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Some people are not meant to perform...it is performance anxiety, the fear of being judged, and not easily overcome if you have that issue. Drinking is likely the worst 'solution', as it will likely impair your judgement and goof up your performance. Counseling may help. We have a number of players at HC who are not willing to get up on a stage, and that is okay.

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I was lucky enough to be surrounded by people that would encouraged me to play but did not require me to do so, so that I was able to build up my confidence over time. In the end though you just have to get out there and do it. I took to busking at farmer's markets as a low stress way to get used to playing in public. I still prefer busking or open mics to playing on a stage/in a bar. At least when I busk I know people are not there to hear me vs being in a bar where people are just 'sort of ' listening to you which I just find strange.

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I get butterflies before going onstage a lot of the time... I enjoy playing live in spite of that, but I still am much more confortable working in the studio.

 

One of the worst cases of stage fright that I know of is what Andy Partridge of the band XTC suffers... he's a fantastic player and great songwriter, but his nerves are so bad that they had to quit touring because of it. A shame really - I would have loved to have seen them live, but never got the chance to do so before they stopped touring.

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Do you have a problem when playing around friends or the band? If not, then is it the numbers? If it is, look for a friendly face, even if it's in the band. Think of things that make you comfortable. Stay away from beer or liquor. That won't help in the long term. You can start to look away and peer at faces as time goes on. Look at your feet, pedals, amp, or guitar. Look at the ceiling above the center of the crowd.

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Do you have a problem when playing around friends or the band? If not' date=' then is it the numbers? If it is, look for a friendly face, even if it's in the band. Think of things that make you comfortable. Stay away from beer or liquor. That won't help in the long term. You can start to look away and peer at faces as time goes on. Look at your feet, pedals, amp, or guitar. Look at the ceiling above the center of the crowd.[/quote']

 

Coming from no small amount of experience, looking away rates as little more than an attempt to pretend the audience isn't there. Tantamount to not meeting the gaze of one's opponent, it is a weak footing that only encourages fear. I was far better off when I learned to at least come out and look at the audience and smile. Trying to fool myself into thinking I had the courage was ultimately way more successful than trying to fool myself into thinking the audience wasn't there.

 

That's not to say that ogling the audience is the thing to do either. That's a different trip. But an acknowledgement that they're there is important IMO.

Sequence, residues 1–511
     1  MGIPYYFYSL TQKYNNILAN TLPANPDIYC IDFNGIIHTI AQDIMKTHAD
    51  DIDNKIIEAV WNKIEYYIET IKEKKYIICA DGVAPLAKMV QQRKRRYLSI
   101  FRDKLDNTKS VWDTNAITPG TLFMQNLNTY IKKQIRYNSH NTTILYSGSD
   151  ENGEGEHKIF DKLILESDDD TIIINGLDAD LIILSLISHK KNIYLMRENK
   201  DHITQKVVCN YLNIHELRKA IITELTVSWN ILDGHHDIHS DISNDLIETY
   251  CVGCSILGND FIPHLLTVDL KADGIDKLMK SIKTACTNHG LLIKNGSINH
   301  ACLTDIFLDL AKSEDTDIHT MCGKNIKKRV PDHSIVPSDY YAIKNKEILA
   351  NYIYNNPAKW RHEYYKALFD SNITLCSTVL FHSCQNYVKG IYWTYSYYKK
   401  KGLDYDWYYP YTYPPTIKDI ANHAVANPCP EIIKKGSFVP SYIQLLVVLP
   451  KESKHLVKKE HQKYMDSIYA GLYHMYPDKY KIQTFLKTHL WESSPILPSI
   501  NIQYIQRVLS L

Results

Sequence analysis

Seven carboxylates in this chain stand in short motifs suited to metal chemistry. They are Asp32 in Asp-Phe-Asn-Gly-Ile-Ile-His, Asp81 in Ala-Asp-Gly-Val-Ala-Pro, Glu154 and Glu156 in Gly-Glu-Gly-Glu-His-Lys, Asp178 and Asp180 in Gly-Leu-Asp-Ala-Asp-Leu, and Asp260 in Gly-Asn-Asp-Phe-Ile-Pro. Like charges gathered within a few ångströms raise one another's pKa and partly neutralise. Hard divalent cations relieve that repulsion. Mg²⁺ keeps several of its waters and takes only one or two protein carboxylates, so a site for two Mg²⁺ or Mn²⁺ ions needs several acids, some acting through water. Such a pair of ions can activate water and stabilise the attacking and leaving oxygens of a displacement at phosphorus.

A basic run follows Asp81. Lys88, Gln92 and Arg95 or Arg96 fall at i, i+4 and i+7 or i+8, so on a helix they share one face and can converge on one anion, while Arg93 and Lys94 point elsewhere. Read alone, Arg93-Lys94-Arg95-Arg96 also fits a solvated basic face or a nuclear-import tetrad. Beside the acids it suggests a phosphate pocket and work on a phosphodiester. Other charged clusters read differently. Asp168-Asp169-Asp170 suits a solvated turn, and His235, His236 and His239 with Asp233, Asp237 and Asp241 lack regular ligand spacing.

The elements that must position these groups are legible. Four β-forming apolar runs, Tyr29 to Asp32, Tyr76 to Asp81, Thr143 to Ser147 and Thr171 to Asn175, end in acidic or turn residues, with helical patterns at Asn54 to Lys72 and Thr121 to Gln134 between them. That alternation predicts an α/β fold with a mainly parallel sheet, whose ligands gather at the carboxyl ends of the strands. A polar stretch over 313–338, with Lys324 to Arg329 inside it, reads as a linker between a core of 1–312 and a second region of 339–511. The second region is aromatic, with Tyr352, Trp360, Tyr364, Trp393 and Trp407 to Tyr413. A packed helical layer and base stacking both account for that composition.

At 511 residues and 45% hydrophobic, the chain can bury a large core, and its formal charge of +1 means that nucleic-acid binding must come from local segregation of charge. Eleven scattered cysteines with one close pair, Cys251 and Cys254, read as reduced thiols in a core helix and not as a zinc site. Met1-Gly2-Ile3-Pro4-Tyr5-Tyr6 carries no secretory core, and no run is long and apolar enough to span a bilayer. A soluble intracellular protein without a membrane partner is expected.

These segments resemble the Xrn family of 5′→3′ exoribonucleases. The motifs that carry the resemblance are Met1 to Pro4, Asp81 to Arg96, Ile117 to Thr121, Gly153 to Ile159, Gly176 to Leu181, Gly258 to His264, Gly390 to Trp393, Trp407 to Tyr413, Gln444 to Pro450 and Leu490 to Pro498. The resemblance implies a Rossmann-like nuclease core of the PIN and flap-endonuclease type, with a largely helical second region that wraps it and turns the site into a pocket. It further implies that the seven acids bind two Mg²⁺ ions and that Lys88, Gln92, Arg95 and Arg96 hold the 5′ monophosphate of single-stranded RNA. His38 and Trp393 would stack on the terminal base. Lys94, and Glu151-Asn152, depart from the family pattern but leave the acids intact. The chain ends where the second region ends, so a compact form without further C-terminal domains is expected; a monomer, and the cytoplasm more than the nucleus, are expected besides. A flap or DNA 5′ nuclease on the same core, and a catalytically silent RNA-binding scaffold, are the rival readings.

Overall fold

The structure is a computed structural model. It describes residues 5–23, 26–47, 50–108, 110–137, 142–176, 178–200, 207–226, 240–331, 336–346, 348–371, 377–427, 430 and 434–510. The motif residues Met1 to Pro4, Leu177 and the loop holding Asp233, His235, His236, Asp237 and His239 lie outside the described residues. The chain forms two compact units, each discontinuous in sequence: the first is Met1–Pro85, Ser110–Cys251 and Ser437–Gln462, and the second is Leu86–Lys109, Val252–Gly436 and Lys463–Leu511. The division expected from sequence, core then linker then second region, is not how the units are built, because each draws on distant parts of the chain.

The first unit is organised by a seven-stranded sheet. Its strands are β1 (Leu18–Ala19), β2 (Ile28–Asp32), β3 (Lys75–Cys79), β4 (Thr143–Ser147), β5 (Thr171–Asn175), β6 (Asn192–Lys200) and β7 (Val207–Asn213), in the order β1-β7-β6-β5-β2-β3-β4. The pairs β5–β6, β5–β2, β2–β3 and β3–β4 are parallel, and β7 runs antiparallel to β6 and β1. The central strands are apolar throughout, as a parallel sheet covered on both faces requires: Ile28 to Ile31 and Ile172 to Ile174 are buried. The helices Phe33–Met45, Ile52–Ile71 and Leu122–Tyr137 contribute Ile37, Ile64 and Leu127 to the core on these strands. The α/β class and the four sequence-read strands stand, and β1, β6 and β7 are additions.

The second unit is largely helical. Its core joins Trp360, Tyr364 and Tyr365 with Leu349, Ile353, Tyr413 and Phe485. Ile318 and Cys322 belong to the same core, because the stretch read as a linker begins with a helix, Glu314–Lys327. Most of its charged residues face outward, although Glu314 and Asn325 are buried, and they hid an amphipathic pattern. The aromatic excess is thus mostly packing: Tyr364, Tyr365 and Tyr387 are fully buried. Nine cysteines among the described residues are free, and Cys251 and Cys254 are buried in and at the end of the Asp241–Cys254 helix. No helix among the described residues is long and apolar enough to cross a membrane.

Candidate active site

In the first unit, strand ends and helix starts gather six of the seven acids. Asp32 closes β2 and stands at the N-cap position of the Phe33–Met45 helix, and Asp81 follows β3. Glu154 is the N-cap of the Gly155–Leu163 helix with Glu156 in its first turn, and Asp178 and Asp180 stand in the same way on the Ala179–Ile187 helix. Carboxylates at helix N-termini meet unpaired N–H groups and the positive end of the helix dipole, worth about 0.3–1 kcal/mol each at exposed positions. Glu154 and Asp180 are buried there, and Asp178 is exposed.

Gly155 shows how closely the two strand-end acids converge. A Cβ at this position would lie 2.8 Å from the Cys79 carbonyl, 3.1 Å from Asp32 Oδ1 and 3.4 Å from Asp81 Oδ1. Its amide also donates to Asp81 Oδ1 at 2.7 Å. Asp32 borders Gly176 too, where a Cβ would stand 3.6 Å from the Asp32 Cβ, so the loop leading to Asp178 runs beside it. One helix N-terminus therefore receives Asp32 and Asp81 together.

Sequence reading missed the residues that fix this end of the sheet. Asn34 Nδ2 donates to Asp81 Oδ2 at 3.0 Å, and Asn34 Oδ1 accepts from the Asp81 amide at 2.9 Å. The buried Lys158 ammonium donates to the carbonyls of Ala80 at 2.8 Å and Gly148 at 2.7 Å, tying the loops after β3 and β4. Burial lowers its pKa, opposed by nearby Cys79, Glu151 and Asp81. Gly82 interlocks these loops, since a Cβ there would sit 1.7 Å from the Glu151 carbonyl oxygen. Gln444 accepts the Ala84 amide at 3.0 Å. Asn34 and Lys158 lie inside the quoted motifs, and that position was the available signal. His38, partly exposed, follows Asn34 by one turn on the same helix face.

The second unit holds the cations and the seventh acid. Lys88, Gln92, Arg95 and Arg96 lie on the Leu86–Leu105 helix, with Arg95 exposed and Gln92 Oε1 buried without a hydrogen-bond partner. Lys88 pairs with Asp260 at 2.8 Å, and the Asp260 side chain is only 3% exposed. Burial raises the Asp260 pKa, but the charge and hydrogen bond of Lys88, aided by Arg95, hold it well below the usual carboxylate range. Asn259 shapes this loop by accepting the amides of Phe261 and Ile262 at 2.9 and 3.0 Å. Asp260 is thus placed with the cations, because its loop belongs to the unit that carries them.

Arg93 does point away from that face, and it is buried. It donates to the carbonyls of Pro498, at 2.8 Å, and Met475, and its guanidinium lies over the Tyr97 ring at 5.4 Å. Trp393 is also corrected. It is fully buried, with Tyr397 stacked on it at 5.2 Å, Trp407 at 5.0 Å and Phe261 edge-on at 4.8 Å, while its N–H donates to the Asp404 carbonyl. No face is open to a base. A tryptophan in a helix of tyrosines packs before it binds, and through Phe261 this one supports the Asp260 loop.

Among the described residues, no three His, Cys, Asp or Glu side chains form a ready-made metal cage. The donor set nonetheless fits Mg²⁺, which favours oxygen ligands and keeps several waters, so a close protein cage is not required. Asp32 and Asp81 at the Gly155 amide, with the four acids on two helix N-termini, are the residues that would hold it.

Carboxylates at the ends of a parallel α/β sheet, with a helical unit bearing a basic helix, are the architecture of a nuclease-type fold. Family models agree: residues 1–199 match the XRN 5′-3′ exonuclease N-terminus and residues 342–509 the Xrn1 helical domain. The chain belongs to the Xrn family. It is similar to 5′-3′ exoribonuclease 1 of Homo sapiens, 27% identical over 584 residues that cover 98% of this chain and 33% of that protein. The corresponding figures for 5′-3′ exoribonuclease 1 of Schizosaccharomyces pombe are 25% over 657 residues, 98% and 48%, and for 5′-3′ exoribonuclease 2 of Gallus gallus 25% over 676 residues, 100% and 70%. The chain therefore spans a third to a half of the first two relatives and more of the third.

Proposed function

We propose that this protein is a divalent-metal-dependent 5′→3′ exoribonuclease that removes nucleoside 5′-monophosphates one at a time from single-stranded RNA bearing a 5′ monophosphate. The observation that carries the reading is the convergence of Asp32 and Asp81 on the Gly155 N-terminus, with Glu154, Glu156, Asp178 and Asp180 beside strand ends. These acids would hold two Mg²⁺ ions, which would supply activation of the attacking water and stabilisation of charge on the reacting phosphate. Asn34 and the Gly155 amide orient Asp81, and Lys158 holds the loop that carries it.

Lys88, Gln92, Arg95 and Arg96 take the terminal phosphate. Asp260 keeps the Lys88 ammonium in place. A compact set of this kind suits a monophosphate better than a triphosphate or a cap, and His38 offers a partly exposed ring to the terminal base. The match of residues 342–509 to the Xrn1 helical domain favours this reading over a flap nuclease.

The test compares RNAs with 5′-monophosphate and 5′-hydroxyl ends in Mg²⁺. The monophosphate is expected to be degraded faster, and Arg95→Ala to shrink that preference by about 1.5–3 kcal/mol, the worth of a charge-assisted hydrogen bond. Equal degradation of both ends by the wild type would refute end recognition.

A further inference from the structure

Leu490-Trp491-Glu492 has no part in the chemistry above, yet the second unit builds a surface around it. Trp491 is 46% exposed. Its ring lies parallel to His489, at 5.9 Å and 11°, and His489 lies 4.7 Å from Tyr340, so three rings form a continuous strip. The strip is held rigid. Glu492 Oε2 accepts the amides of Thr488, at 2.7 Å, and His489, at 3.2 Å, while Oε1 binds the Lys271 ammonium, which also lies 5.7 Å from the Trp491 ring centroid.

Edited by RockViolin
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some old big band era horn player once told me' date=' " if you ever stop gettin' butterflies before you go on... take up knittin' or something cause your heart just aint in it anymore."[/quote']

 

​I think there's some truth to that. Some peoples' butterflies are more like swarms of giant hornets with 9 inch stingers packing nerve toxin of the highest order though. They don't add a little skip to your step, they make you wanna run for your life. And that's effectively what the op has done. He can scarcely jam with his peers < (presumably) without taking the edge off.

 

 

 

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#8.2

 

GoldJim commented

01-30-2017, 12:46 PM

Editing a comment

 

No, but it would help in the short run. There is no shortage of professional or amateur musicians who look anywhere but at the audience.

 

 

 

 

 

 

​Show me a bunch of *performers* that can't manage to face the audience and I'll show you a bunch of performers that are stuck, and will likely never progress beyond that unless they take that first brave step of facing their fear.

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im a front man by nature in a band, but its the same solo... make contact, not just eye contact, listen! watch! observe and comment on what you see! bits of conversation overheard trigger musical response in turn... and it becomes a "personal" experience for everyone there... small intimate venues to multiple thousands, the techniques are relatively the same... i always get a little anxious and ive been perforing on stage since i was three. vivid memories of the first real case of stage fright was in front of 5000 people. i felt like i was floating above the ground and couldnt get traction to move, my drumsticks were balsa wood and the count in for the first tune sounded distorted and time slowed down... i wanted to bolt but i knew there was no way that i could... i couldnt not do this thing. about halfway through the third tune, i was in gear and in the zone... using the energy from that case of nerves to fuel one of my better evenings. i cant imagine having to fight that everytime you walk on stage though.